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An extract from ''Luck'' by Ed Smith
ONSIDE magazine

Author, national newspaper columnist and England cricketer Ed Smith is sport’s Renaissance Man – he combines sporting achievement with a gifted writer’s ability to illuminate the key issues.

This extract from his book, Luck: What It Means and Why It Matters, analyses how the country’s lack of quality facilities prevents children from state schools from playing and progressing in a range of sports. He even quantifies the resulting decline in sports men and women who are from state schools that have made it into the first teams of rugby, cricket and the Olympics…

An extract from "Luck" by Ed Smith

“I played cricket for England. My sister didn’t play for any team in any sport ever again.”

Ed Smith

Luck by Ed Smith

Both my sister and I went to the local state primary school in north Tonbridge in Kent. It was, and still is, a good school, but with some undeniable drawbacks. When I was there in the early 1980s, some classrooms had been built as temporary buildings but had ended up being retained as full-time classrooms. These caravan-style trailers, standing on bricked-up stilts, stood next to the playground, reminders that the money had dried up.

There were some playing fields at the back of the school, but we didn’t use them much. A little bit of rounders in summer, an occasional football match, a yearly athletics competition. There was a weekly PE class in the assembly hall. Taken together, it was probably no worse than the average sporting education in a 1980s primary school, perhaps even a little better.

Percentage of England Rugby Union Internationals Educated at State Schools, Selected 1871-2009

There were no matches against other schools, not one. And I never picked up a cricket bat at primary school. The most competitive activity I engaged in was playing marbles in the playground.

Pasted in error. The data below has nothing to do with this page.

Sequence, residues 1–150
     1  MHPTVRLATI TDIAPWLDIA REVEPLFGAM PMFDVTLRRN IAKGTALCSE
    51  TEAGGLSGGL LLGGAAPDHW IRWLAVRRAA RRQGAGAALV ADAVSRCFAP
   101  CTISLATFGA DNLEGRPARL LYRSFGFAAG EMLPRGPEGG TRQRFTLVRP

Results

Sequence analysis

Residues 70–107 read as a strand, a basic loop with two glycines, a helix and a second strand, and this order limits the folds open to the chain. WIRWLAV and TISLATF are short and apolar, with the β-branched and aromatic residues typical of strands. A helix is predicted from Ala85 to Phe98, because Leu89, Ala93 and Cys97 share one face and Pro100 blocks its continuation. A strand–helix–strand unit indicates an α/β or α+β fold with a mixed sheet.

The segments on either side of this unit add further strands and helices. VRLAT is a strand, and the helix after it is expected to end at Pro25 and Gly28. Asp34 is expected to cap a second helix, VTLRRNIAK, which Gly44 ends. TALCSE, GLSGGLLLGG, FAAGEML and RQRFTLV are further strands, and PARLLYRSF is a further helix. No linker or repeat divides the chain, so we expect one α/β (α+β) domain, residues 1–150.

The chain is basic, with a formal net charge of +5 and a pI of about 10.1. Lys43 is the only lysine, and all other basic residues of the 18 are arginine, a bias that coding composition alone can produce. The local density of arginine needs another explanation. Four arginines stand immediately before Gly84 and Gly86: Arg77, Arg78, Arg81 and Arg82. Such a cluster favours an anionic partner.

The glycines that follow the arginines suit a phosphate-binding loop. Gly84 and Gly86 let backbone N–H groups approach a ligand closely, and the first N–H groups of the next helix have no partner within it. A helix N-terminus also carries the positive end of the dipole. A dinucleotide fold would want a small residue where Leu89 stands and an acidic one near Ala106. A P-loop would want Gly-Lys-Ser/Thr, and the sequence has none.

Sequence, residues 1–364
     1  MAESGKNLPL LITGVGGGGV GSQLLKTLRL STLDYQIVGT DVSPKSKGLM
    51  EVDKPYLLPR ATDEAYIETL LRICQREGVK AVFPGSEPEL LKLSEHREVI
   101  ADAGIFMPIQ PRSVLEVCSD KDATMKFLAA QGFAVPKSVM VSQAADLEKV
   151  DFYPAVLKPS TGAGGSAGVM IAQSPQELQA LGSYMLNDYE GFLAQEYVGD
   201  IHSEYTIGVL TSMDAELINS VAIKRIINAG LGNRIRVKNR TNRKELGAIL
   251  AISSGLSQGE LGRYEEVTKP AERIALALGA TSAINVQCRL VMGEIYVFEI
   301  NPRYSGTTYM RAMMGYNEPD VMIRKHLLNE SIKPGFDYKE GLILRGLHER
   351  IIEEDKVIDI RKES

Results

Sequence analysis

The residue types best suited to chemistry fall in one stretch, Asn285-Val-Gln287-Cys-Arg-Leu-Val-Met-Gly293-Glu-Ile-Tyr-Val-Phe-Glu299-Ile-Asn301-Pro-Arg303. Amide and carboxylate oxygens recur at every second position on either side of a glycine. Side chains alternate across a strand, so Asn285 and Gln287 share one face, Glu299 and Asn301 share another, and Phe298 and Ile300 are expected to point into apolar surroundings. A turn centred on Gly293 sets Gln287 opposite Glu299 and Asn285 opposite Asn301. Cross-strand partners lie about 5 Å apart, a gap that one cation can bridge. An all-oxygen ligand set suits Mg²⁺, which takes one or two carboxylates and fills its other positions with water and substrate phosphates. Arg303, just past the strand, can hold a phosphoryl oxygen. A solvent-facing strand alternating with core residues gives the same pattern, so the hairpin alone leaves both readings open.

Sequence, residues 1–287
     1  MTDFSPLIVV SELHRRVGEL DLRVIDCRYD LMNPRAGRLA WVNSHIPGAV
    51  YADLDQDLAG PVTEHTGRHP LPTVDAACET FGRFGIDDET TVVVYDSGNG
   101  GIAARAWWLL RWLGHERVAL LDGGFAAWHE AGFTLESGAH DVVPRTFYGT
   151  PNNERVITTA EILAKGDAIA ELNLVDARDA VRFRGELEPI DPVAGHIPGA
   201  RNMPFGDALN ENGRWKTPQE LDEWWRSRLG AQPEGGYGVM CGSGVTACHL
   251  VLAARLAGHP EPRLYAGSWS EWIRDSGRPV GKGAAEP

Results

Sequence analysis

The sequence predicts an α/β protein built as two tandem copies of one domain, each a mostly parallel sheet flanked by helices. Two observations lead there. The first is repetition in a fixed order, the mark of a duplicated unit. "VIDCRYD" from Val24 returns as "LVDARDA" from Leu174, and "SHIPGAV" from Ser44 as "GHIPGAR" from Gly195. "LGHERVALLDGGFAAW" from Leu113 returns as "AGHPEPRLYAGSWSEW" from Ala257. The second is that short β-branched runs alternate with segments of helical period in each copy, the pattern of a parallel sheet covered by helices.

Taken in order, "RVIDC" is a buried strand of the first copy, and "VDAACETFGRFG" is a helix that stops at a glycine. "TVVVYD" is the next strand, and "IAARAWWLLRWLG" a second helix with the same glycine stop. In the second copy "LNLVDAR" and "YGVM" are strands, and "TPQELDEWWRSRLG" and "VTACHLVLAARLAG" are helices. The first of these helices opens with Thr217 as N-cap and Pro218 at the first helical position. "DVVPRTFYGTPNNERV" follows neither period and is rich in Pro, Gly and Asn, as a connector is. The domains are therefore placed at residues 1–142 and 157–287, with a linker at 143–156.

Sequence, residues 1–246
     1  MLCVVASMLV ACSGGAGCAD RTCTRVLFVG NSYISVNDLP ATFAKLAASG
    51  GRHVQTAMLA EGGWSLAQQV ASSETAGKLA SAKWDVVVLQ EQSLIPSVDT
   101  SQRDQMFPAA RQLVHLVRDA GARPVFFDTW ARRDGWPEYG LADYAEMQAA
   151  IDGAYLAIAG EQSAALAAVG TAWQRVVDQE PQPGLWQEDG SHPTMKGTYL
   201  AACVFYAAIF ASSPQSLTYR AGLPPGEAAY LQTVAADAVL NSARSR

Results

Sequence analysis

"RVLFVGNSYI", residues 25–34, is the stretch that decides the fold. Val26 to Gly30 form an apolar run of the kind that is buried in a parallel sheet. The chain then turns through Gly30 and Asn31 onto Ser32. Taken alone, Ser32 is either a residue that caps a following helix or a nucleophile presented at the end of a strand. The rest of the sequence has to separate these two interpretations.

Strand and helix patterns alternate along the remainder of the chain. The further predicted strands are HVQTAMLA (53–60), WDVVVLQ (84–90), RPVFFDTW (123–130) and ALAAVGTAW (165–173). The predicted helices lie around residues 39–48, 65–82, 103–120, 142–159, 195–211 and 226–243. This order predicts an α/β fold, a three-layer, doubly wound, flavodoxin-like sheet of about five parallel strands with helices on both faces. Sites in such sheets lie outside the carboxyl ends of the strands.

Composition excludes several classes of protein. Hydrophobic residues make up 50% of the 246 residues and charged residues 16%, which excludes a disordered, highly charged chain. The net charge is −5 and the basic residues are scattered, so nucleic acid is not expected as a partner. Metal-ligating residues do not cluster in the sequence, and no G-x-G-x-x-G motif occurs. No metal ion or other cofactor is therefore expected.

I’m not sure how we were supposed to develop a serious passion for sport. Most kids played no sport at all. At home I was playing sport non-stop — not only with my parents, but also against my sister.

Though I was always the more focused about sport, it was my elder sister Becky, not me, who was the better runner and swimmer. She was also fiercely competitive. As she was three and a half years older than me, the result was a lot of defeats for her younger brother. I would lose at every game we played — from Monopoly to Swingball.

What happened to the sporting development of my talented and fiercely competitive big sister? That story starts with schools. At secondary level, our educational paths diverged. She went to the state grammar school (Kent is one of the few places that still has grammars). I went to the independent school.

Why the apparently unjust discrepancy? It was decided by pure chance and opportunity. My dad taught at the independent school, which was boys only, and the fees were effectively waived for the teachers’ sons. My parents couldn’t afford to send either of us to an equivalent fee-paying school. I was lucky enough to get an independent education as good as free. My sister didn’t.

Her grammar school was full of clever girls. She was one of them, and went on to study English at Oxford. Where she felt let down was in the rest of her education — the drama, the music and, especially, the sport. Becky dropped out of competitive sport as soon as she could. The brilliantly competitive eleven-year-old played no organized sport for the next two decades. Once she stopped playing sport at school, she stopped playing sport anywhere.

This text is taken from the feature 'An extract from "Luck" by Ed Smith' in Issue 38 of ONSIDE magazine.

Read the full article for free at the following links:

Also in Issue 38

Guest Editorial

James Beattie – former Southampton FC, Everton FC and England striker, and Football Foundation Ambassador

Kane Returns

Spurs and England star striker, Harry Kane, returns to his childhood sports site to open a new playing surface.

Interview with FA CEO Martin Glenn

Martin Glenn talks about his priorities and ambitions for football, and how he thinks Leicester managed  that 5000-1 Premier League title win.


John Shiels, CEO of the Manchester United Foundation tells us about the impact of their work and how important Football Foundation-funded facilities are across Greater Manchester.


Find out how our PitchFinder tool allows people to find their perfect local pitch, and how the Foundation uses it to strategically target areas in need of investment.

Growing the Game

We analyse how our popular club development scheme Grow the Game is achieving increases in participation amongst under-represented groups.